Ingrown hair in the genital area
Ingrown hairs can occur in everyone and are favored by different conditions, such as particularly frizzy and thick hair or a previous hair removal. In general, ingrown hair is not a dangerous condition.
The hair curls and grows into the skin instead of straight out. An inflammatory area usually develops around the hair, which can also appear purulent and is therefore both painful and annoying.
Cause of an ingrown hair in the genital area
The most common cause of ingrown hairs is hair removal. When hair grows back, it can grow under the skin instead of growing out through the skin. It is also important that the edge of the regrowing hair is sharper than that of the untrimmed hair. In addition, when hair is removed or shaved, the hair canal can become clogged with sebum or skin flakes, leaving the hair under the skin. Therefore, ingrown hairs are mostly only found in adults who have previously performed hair removal.
In addition, tight and chafing clothing encourages hair to grow in in the corresponding area. The texture of the hair also plays a role. Thick and / or frizzy hair is more likely to grow in than thin, straight hair. In general, the hair in the genital area is often thicker than on other parts of the body. Ultimately, the hormonal balance also plays a role, as increased sex hormones lead to increased hair growth and therefore the risk of ingrown hair is increased
An ingrown hair is usually noticeable through pain. The result is a reddened swelling that appears as a lump under the skin and hurts when touched. There may also be an accumulation of pus and itching may also be present.
Scratching the affected area can cause permanent scars in the long term. With dark-skinned people, an intensely pigmented area of skin often remains.
While most ingrown hairs will heal on their own, in some cases the hair follicle may become inflamed. A boil develops that should be treated by a doctor. An abscess (cavity filled with pus) or blood poisoning can also occur in individual cases as a result of ingrown hair.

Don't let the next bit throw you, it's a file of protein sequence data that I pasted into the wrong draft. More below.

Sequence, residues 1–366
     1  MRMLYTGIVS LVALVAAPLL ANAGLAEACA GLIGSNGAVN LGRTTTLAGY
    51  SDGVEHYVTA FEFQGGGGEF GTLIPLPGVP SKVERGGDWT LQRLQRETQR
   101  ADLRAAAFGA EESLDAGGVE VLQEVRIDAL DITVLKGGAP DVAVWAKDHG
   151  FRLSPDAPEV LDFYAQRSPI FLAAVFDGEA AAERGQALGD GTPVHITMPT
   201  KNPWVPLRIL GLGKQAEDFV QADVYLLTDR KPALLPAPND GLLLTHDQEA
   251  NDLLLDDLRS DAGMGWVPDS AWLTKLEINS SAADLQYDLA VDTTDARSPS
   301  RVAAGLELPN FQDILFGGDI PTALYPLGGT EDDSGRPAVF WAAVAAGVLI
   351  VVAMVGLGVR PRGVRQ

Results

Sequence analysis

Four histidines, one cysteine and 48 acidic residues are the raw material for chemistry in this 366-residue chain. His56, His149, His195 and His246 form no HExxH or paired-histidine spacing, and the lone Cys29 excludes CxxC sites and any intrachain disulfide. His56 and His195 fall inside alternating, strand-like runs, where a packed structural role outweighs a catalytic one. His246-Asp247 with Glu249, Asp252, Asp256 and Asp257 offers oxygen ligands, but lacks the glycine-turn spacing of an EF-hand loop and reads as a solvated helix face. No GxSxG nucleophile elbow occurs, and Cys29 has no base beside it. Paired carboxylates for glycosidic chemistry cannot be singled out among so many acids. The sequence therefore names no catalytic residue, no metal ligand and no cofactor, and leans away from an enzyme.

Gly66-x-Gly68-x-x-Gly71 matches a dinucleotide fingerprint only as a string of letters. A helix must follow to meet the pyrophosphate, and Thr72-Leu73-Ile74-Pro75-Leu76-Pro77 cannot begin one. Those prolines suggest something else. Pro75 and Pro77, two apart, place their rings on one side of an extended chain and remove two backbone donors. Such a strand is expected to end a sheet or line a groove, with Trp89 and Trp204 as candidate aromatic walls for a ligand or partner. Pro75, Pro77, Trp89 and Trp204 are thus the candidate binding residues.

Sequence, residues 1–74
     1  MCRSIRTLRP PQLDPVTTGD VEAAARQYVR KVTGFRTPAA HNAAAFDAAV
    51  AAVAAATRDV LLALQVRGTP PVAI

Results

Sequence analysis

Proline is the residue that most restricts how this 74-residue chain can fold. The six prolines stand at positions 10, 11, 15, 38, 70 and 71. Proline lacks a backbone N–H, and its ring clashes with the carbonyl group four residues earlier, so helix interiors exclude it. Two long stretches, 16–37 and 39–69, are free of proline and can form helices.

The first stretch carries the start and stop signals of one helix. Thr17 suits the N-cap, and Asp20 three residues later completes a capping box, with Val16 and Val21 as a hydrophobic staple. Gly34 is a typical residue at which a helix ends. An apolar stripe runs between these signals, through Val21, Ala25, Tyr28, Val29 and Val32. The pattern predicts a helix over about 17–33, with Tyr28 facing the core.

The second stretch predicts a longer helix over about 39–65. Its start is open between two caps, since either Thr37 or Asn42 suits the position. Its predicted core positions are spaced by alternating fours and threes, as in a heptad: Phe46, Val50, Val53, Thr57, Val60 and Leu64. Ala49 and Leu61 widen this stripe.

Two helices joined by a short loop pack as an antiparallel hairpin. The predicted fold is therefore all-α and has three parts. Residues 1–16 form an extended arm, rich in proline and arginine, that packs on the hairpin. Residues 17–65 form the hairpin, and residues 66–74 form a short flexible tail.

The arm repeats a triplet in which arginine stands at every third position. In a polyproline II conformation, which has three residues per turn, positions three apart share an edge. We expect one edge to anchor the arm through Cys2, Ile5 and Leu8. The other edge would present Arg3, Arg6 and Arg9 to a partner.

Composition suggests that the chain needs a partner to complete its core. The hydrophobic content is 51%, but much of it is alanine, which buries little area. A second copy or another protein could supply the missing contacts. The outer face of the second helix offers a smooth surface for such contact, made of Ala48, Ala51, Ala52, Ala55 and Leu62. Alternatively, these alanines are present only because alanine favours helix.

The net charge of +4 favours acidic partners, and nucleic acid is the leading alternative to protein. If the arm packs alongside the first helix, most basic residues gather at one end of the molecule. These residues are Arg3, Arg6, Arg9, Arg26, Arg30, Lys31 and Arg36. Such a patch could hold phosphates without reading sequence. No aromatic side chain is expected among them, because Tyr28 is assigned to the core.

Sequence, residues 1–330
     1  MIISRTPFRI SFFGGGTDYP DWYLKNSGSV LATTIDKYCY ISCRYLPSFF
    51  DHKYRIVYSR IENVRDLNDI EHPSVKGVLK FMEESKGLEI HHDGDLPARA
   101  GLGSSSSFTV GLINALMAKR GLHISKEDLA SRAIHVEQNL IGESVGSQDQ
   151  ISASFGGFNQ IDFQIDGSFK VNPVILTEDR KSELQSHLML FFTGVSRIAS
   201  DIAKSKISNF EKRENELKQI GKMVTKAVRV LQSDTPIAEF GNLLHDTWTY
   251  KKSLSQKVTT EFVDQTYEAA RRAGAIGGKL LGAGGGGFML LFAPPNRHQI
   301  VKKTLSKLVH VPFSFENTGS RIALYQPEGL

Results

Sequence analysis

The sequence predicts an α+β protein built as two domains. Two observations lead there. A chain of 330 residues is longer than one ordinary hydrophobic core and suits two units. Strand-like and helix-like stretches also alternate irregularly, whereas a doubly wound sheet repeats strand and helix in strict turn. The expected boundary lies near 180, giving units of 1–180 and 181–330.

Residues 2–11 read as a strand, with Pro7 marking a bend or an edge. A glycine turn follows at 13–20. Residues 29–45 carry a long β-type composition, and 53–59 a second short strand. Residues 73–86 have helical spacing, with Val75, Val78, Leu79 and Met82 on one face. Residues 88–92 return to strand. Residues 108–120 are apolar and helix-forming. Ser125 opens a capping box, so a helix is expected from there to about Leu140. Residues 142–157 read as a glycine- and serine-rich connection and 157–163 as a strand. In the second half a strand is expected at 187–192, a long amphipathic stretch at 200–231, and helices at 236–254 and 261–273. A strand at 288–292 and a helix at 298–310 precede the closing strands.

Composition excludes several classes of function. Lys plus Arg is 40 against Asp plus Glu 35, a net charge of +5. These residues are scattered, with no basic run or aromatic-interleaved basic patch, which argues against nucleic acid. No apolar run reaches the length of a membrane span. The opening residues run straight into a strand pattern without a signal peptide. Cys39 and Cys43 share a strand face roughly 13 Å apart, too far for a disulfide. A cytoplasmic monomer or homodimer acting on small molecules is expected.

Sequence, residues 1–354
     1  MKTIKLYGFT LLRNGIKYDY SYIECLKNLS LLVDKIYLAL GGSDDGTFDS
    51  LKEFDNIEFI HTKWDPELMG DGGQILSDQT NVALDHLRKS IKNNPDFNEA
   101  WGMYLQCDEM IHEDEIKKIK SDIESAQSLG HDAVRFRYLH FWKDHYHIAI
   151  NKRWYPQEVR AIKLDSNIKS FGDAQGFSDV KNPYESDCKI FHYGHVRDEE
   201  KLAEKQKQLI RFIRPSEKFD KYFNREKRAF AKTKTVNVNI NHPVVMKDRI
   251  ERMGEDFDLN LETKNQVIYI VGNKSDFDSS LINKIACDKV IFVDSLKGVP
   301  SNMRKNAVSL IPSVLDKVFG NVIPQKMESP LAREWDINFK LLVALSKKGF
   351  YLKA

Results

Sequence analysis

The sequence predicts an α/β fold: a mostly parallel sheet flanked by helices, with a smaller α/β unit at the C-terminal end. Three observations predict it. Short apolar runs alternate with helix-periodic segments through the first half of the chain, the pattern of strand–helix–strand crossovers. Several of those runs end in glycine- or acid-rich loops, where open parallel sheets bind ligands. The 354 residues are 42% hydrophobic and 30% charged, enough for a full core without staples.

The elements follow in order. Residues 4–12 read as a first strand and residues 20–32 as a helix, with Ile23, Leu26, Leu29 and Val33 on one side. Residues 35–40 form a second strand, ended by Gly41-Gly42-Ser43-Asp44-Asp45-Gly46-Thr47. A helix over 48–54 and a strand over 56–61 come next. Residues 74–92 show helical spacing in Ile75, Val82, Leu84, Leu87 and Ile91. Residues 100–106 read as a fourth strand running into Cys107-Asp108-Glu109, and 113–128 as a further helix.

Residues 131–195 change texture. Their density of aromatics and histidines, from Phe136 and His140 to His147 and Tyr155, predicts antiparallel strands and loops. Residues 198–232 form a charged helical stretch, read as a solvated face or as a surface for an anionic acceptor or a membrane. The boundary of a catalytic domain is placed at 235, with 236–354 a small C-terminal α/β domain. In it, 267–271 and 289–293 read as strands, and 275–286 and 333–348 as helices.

Bumps as a sign of ingrown hair in the genital area
An ingrown hair often presents itself as a reddened and painful bump. The bump is a sign of the inflammation taking place. Inflammatory cells migrate in and pus forms. The pus cavity arises in the area of the previously melted tissue, but also bulges slightly outwards, making the inflamed area appear as a lump. In addition, inflammation always leads to increased water retention in the tissue, which also leads to swelling.
Pain in the genital area due to an ingrown hair
Often, an ingrown hair is also accompanied by pain. This is the case when the area with the ingrown hair becomes inflamed by the foreign body reaction or by additionally immigrated bacteria. The body releases messenger substances that sensitize pain receptors and are thus involved in the development of pain.
Ingrown hair in the genital area with pus formation
Since the body recognizes the ingrown hair as a foreign body that should not actually be present at this point, an inflammatory reaction is triggered. The immune system tries to fight the foreign body and numerous defense cells immigrate. These secrete enzymes that also attack the surrounding tissue and pus accumulates. Furthermore, as the hair grows through the skin, bacteria that naturally occur on the skin can penetrate the body. These also trigger a defense reaction of the immune system and lead to the formation of pus. The bacteria that cause purulent inflammation are also known as pyogenic bacteria. Another point of entry for bacteria are scratched areas of the skin. If the ingrown hair shows a lot of itching, the scratching can also lead to a bacterial infection.
If there is pus, check whether it is actually an ingrown hair or a boil. A boil is an inflammation of the hair follicle lying deep in the skin, which has nothing to do with the direction of hair growth, but can also occur more often on shaved hair with small skin wounds